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Representing Tables and Subtrees in the X.500 Directory (RFC1837)

IP.com Disclosure Number: IPCOM000004095D
Original Publication Date: 1995-Aug-01
Included in the Prior Art Database: 2019-Feb-12
Document File: 7 page(s) / 8K

Publishing Venue

Internet Society Requests For Comment (RFCs)

Related People

S. Kille: AUTHOR

Related Documents

10.17487/RFC1837: DOI

Abstract

This document defines techniques for representing two types of information mapping in the OSI Directory. This memo defines an Experimental Protocol for the Internet community.

This text was extracted from a PDF file.
This is the abbreviated version, containing approximately 32% of the total text.

Network Working Group S. Kille Request for Comments: 1837 ISODE Consortium Category: Experimental August 1995

Representing Tables and Subtrees in the X.500 Directory

Status of this Memo

This memo defines an Experimental Protocol for the Internet community. This memo does not specify an Internet standard of any kind. Discussion and suggestions for improvement are requested. Distribution of this memo is unlimited.

Abstract

This document defines techniques for representing two types of information mapping in the OSI Directory [1].

1. Mapping from a key to a value (or set of values), as might be done in a table lookup.

2. Mapping from a distinguished name to an associated value (or values), where the values are not defined by the owner of the entry. This is achieved by use of a directory subtree.

These techniques were developed for supporting MHS use of Directory [2], but are specified separately as they have more general applicability.

1. Representing Flat Tables

Before considering specific function, a general purpose technique for representing tables in the directory is introduced. The schema for this is given in Figure 1.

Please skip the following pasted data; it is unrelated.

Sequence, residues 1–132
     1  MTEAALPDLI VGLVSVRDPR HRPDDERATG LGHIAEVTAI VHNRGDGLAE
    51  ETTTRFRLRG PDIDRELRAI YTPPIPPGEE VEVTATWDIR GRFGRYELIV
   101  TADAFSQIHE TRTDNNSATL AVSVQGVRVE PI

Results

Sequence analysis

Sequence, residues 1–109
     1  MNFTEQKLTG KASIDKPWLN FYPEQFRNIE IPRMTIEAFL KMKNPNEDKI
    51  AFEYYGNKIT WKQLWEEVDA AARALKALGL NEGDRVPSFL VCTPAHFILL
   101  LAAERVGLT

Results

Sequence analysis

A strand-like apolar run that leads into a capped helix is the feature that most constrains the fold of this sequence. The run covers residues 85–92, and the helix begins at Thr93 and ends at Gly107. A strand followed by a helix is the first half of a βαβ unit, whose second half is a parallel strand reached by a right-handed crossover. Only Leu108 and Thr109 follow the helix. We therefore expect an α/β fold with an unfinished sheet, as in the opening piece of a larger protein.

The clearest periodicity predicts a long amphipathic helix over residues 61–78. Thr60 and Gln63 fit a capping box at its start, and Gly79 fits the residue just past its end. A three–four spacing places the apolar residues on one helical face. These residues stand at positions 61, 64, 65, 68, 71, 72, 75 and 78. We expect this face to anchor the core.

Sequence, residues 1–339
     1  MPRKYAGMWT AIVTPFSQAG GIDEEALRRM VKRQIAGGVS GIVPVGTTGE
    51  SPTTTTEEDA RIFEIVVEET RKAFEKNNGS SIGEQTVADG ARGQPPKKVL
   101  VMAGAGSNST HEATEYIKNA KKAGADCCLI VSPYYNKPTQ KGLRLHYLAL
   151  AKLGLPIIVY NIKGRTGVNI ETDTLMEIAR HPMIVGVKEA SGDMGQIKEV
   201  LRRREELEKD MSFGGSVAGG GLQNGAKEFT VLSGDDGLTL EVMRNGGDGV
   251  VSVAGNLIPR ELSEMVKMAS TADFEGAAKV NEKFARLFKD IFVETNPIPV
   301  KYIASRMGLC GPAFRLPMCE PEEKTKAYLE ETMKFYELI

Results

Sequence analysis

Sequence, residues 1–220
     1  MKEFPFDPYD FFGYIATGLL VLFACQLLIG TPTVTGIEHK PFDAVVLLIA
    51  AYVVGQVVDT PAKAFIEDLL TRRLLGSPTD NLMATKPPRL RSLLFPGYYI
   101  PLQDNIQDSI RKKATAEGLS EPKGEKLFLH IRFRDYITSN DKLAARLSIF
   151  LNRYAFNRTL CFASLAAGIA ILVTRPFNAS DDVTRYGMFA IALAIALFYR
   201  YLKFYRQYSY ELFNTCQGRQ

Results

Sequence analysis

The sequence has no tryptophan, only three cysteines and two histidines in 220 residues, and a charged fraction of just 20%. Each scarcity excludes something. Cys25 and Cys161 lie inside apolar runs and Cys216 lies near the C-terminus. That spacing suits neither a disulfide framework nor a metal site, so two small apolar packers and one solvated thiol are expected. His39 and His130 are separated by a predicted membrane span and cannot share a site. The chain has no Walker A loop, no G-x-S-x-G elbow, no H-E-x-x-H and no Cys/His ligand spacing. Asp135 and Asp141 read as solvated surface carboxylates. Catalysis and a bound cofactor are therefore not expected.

A table can be considered as an unordered set of key to (single or multiple) value mappings, where the key cannot be represented as a global name. There are four reasons why this may occur:

1. The object does not have a natural global name.

2. The object can only be named effectively in the context of being a key to a binding. In this case, the object will be given a natural global name by the table.

Kille Experimental [Page 1]

RFC 1837 Representing Subtrees August 1995

3. The object has a global name, and the table is being used to associate parameters with this object, in cases where they cannot be placed in the objects global entry. Reasons why they might not be so placed include:

o The object does not have a directory entry

o There is no authority to place the parameters in the global entry

o The parameters are not global --- they only make sense in the context of the table.

4. It is desirable to group information together as a performance optimisation, so that the block of information may be widely replicated.

A table is represented as a single level subtree. The root of the subtree is an entry of object class Table. This is named with a common name descriptive of the table. The table will be located somewhere appropriate to its function. If a table is private to an MTA, it will be below the MTA’s entry. If it is shared by MTA’s in an organisation, it will be located under the organisation.

The generic table entry contains only a description. All instances will be subclassed, and the subclass will define the naming attribute. Two subclasses are defined:

----------------------------------------------------------------------- table OBJECT-CLASS ::= { SUBCLASS OF {top} MUST CONTAIN {commonName} MAY CONTAIN {manager} ID oc-table}

tableEntry OBJECT-CLASS ::= { SUBCLASS OF {top} MAY CONTAIN {description} 10 ID oc-table-entry} ...

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